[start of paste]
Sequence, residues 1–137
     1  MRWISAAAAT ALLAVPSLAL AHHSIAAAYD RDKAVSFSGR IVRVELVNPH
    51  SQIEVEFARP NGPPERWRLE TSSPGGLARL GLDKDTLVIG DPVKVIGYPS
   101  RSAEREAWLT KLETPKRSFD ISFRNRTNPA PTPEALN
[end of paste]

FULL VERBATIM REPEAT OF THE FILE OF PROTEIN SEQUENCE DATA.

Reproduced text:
Sequence, residues 1–137
     1  MRWISAAAAT ALLAVPSLAL AHHSIAAAYD RDKAVSFSGR IVRVELVNPH
    51  SQIEVEFARP NGPPERWRLE TSSPGGLARL GLDKDTLVIG DPVKVIGYPS
   101  RSAEREAWLT KLETPKRSFD ISFRNRTNPA PTPEALN